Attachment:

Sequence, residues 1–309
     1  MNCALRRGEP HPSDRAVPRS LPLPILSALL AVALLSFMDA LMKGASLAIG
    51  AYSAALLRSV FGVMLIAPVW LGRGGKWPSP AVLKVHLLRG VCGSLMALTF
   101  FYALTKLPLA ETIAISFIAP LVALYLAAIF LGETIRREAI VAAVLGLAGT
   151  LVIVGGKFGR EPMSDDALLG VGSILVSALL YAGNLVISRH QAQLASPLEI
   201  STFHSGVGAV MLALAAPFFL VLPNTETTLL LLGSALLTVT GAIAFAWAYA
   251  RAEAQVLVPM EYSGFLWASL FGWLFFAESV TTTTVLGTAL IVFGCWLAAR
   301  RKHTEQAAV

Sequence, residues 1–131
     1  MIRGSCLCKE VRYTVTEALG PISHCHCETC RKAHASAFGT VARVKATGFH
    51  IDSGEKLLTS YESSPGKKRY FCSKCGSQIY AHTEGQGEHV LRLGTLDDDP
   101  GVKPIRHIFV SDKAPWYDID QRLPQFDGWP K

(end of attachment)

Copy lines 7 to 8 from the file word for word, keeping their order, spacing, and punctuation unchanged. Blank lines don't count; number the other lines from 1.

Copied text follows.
   251  RAEAQVLVPM EYSGFLWASL FGWLFFAESV TTTTVLGTAL IVFGCWLAAR
   301  RKHTEQAAV